Mbeya Referral Network Economic Strengthening Fair, Take One

October 2016  | Lilian Tarimo, Samuel Mayinoti, Nsajigwa Richard, Clinton Sears and Zach Andersson

Launched in February 2016, the Mbeya Referral Network (MRN) strives  to optimize opportunities for increasing effective referrals of PLHIV to available ES/L/FS services. This is consistent with the objectives of LIFT II to support the creation of, and provision of ongoing technical support to the MRN. To date, MRN consists of 26 Service providers, mainly community based organizations (CBOs), Faith Based Organizations (FBOs), micro-financing/savings groups and support groups of PLHIV . The government’s Mbalizi District Designated Hospital coordinates the activities of the network.

Huruma booth: A  member  of  one of the PLHIV groups within the network explaining what they do in their group by showing some of the things they prepare for their nutrition and income.

A member of one of the PLHIV groups within the network showing stakeholders some of the items they prepare for their nutrition and income.

On August 17th and 18th 2016, MRN members held an Economic Strengthening Fair (ESF) at Mbalizi District Designated Hospital.  Economic Strengthening Fairs are special events held at least each quarter and they provide network members an opportunity to:

  1. Showcase the services that they provide
  2. Receive referred clients from the health facility (HF) and provide more information about the other services that clients can also benefit from
  3. Enroll clients for services or advise clients when they may be able to access the services at the main office of the service provider, or at a community-based service delivery point
  4. Refer interested clients to other services available within the network
  5. Provide feedback to the HF on referrals received and made.
A client being enrolled for one of the services during the ESF.

A client being enrolled for one of the services during the ESF.

Prior to the ESF, network members had shared information with community members about the event. This publicity resulted in many clients attending the early morning session before the start of HF processes, to listen to service providers (SPs) representatives who took turns to briefly introduce their organizations and the services they offered. This ignited an interest in clients who became keen to visit the booths of the SPs for more information. During counseling sessions with HF staff and volunteers, clients were also encouraged to take referrals to ES/L/FS services by visiting the SPs who had gathered for the ESF. HF staff and volunteers, being part of the MRN, have integrated referrals to ES/FS/L services for improved health outcomes into their nutrition and HIV counseling sessions. Clients outside the CTC and other staff from the hospital were also interested to see what was happening in the booths. IADO who mainly deal with agriculture and home gardening was part of this fair and attracted lots of clients especially on mushroom production. The recent ESF in Mbeya clearly showed that:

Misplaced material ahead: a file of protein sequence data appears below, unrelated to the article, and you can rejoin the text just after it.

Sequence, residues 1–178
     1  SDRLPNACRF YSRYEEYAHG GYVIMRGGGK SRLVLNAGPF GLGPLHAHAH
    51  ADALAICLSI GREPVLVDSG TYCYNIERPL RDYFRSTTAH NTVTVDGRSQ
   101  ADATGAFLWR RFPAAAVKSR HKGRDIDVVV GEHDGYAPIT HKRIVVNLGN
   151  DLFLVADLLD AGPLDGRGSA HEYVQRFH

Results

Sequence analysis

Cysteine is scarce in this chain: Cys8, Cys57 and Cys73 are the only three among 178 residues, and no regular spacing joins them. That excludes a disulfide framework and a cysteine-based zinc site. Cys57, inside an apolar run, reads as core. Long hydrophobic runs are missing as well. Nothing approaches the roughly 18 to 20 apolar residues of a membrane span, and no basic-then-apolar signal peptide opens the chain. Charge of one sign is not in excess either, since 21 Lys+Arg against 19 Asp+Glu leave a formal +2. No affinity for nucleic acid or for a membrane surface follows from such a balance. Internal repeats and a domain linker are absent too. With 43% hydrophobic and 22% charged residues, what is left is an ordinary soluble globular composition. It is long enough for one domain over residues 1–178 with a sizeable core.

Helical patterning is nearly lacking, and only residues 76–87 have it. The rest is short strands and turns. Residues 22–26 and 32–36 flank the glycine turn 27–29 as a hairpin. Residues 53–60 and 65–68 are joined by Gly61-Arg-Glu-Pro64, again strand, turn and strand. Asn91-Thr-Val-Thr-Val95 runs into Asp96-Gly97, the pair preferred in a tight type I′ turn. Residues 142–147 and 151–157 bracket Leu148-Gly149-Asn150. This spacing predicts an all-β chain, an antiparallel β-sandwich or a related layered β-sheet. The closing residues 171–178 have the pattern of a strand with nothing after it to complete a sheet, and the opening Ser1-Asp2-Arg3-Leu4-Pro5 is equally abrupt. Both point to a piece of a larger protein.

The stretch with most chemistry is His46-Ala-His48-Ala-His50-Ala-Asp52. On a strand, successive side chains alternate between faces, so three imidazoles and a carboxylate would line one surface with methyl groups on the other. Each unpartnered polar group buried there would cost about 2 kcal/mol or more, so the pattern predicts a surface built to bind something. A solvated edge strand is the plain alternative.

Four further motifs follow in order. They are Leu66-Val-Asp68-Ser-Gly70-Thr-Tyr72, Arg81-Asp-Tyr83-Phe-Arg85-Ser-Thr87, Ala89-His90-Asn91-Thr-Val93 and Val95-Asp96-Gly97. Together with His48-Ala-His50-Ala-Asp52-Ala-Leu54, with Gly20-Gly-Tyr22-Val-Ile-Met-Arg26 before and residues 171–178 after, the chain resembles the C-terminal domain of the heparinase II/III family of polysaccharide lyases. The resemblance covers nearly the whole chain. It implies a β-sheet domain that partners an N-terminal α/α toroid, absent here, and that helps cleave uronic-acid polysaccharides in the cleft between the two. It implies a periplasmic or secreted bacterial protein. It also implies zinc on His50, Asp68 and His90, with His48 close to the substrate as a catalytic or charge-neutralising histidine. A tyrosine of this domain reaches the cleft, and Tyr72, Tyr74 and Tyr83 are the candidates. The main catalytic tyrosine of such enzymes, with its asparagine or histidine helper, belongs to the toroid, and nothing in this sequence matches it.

1. By the end of the ESF, a total of 96 referrals were made (38 to men, 58 to women) by the SPs participating in the ESF. 74 of the referred clients were enrolled into services which they would access by visiting the relevant SPs at set dates. The 77.1% referral completion rate achieved during the ESF was regarded as a huge success by the network members, which was attributed to the event. The MRN members intend to hold similar events in the future and hope to reach out to more clients through referrals and enrolment into ES/L/FS services.
  2. Service providers and health facilities are united in making effective clinic-to-community referrals
  3. There is a good degree of ownership and commitment by network members, who provided resources like manpower, time and materials for the ESF
  4. It is important to continually raise awareness of the work of the network so that community members are keen to utilize opportunities that exist
  5. There is great advantage in conducting ESFs at HFs, since it reminds and motivates clients of the services available in their locality. This is important because clients are more likely to be attracted to services that are closer to them.
  6. To avoid confusion and having a great number of unintended people attending the fairs, publicity need not to be done using the outside media or in public where everyone sees or hears. Publicity for MRN ESF was done starting with HF staff to locate/place appointments of clients in between the two selected days, but also through SPs introducing themselves early in the morning at the waiting area. This helps in reaching a good proportion of the priority populations at a time.

A number of the strategies that helped make the Mbeya network a success was captured in the recent practitioner’s guide to referral building. The LIFT II team is continuing to look for ways to taylor lessons learned from places like Mbeya to other networks to help our stakeholders achieve ownership of their networks and raise awareness of the benefits of the project for PLHIV in all countries where LIFT II works.